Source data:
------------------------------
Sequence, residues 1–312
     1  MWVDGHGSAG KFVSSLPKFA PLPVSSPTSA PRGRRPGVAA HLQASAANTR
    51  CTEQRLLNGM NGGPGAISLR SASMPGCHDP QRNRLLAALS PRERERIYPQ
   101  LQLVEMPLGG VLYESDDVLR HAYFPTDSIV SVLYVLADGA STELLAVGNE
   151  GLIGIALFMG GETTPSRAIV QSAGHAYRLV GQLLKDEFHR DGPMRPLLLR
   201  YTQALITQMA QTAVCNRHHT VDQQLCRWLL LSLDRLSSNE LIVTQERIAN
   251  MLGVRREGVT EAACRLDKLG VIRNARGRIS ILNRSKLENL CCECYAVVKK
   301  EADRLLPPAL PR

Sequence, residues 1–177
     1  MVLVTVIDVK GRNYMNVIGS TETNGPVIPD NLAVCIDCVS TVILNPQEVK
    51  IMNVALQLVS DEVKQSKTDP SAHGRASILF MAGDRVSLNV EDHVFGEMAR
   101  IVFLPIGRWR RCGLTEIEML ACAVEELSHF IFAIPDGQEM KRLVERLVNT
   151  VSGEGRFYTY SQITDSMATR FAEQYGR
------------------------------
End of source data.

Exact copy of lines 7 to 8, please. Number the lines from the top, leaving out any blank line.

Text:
   251  MLGVRREGVT EAACRLDKLG VIRNARGRIS ILNRSKLENL CCECYAVVKK
   301  EADRLLPPAL PR